What makes certain areas better habitat for wildlife than other areas? Different kinds of animals have different preferences and needs, but for all species habitat must provide food, water and shelter. Some animals need a larger area to keep a healthy population, some need certain age classes of forest and some travel between different habitat types during their lives. Huron Pines uses GIS technology to identify the best wildlife habitat “patches” based on things like size, plant diversity and connection to other patches. Then we work with public and private landowners to improve habitats in those core habitat areas and the paths between them.
Pigeon River Country Wildlife Habitat
Huron Pines takes an ecosystem approach to protecting and restoring wildlife habitat. Through activities like treating invasive species, restoring native plant communities and connecting wildlife corridors, we are sustaining diverse Michigan landscapes that support rare and threatened species along with our state’s prized game and nongame animals. Our organization has a unique ability to work with people across ownership boundaries to improve the health of private lands, conservancy preserves and state- or federally-held public lands. At the core of our work is a dedication to promoting wise stewardship of our most critical coastal and inland landscapes.
To improve the long-term habitat and recreation opportunities for the Pigeon River Country State Forest (PRC), Huron Pines, Michigan DNR and other conservation partners are enhancing prairie and food plot complexes and treating aggressive invasive species surrounding “Inspiration Point” and a variety of oil and gas well sites. This work benefits a wide array of wildlife, especially elk, deer and game birds. The PRC is the heart of Michigan’s elk range and due to a range of factors the amount of open grasslands favored by elk has been decreasing, succeeding to forest over time. By improving and increasing open lands at the center of the PRC, this project will draw wildlife species away from the farmlands and major highways on the edges of the property, giving them food sources and providing viewing and hunting opportunities for people.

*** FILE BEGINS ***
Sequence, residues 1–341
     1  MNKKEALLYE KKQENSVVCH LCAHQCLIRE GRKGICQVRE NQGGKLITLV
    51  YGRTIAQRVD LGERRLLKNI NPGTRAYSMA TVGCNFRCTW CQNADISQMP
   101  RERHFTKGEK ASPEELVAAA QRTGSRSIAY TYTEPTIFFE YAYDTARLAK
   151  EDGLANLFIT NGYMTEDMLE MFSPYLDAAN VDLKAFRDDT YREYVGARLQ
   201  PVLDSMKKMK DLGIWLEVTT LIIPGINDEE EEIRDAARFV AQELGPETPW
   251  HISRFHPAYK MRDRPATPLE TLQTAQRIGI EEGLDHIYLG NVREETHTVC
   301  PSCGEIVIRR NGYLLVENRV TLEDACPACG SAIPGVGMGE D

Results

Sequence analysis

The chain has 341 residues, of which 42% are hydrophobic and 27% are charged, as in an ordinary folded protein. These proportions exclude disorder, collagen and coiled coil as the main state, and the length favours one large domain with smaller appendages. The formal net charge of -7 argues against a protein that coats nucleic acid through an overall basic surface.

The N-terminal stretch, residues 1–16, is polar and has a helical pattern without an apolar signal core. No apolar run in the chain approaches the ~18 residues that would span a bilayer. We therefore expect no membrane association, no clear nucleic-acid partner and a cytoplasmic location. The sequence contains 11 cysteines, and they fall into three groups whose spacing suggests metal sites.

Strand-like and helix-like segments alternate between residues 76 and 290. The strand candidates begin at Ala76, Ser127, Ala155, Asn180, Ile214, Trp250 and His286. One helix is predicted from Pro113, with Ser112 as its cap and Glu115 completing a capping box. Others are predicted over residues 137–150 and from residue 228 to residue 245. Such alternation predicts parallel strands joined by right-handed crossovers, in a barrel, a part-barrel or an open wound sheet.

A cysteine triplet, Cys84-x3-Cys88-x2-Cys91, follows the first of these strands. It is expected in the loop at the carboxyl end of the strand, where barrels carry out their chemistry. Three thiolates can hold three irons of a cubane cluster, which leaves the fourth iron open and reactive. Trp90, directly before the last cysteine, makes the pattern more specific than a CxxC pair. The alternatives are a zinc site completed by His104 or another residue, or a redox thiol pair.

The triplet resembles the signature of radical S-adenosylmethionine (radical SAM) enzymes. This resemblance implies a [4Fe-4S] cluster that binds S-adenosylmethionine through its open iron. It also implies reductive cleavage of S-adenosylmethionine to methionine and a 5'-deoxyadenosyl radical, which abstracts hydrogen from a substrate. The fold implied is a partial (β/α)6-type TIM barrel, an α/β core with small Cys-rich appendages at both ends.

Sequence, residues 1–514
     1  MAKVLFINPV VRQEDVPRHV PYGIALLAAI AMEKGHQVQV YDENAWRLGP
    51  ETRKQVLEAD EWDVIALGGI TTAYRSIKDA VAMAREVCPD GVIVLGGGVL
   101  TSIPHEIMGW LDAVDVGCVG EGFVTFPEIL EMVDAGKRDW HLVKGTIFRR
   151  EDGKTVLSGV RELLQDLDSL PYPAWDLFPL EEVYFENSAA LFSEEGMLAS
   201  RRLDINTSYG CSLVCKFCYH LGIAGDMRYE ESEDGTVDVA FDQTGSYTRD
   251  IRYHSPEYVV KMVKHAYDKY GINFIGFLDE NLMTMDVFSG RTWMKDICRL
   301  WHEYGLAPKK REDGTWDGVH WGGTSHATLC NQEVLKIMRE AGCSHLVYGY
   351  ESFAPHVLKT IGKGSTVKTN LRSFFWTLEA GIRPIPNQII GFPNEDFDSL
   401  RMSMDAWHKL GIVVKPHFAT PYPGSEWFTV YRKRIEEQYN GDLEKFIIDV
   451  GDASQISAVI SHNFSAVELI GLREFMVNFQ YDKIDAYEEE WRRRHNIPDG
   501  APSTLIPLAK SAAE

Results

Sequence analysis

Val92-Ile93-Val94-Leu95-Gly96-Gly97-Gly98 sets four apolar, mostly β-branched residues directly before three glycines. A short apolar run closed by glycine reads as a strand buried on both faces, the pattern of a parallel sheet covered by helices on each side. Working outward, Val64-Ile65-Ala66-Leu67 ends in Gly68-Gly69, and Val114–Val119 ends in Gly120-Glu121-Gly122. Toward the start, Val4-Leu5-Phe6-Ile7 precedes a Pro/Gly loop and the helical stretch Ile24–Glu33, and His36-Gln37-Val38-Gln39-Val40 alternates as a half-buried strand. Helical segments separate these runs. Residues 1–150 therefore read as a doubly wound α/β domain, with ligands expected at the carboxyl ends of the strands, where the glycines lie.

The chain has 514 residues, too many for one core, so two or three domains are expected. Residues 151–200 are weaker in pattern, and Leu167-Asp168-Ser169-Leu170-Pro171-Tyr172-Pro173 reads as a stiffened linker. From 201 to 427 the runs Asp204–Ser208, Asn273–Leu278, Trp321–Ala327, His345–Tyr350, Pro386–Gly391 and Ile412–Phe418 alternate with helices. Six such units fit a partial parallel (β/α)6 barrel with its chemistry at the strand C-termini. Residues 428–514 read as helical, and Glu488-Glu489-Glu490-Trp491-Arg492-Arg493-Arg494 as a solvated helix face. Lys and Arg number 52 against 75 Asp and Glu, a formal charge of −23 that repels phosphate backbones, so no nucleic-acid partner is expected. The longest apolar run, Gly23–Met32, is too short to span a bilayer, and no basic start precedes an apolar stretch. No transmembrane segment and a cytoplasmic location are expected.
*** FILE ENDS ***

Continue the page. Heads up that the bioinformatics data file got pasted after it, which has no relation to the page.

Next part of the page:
Huron Pines takes an ecosystem approach to protecting and restoring wildlife habitat. Through activities like installing instream habitat structure, we are sustaining diverse Michigan river systems that provide refuge for fish and other wildlife. At the core of our work is a dedication to promoting wise stewardship of our most critical coastal and inland landscapes.
Often called “Large Woody Debris,” instream habitat is actually so much more. It includes complexes of rock, living and dead wood, overhanging plants and aquatic plants. These items serve as sources of food and shelter for the many species of fish, insects and other aquatic organisms that live in or near rivers. It is a dynamic system: when trees fall into the river naturally, they often move with high flows until they catch against a bank. In many streams in northern Michigan, much of this habitat was removed in order to facilitate the logging industry over 100 years ago. Huron Pines works with landowners of all types to help them manage their river banks. Through our holistic watershed restoration projects, we use an experienced crew to install instream habitat complexes like tree revetments in stretches of river that lack habitat. We also work to reduce erosion and promote native plant growth to provide more habitat.
CONTACT: Watershed Coordinator John Bailey, firstname.lastname@example.org, (989) 448-2293 ext. 19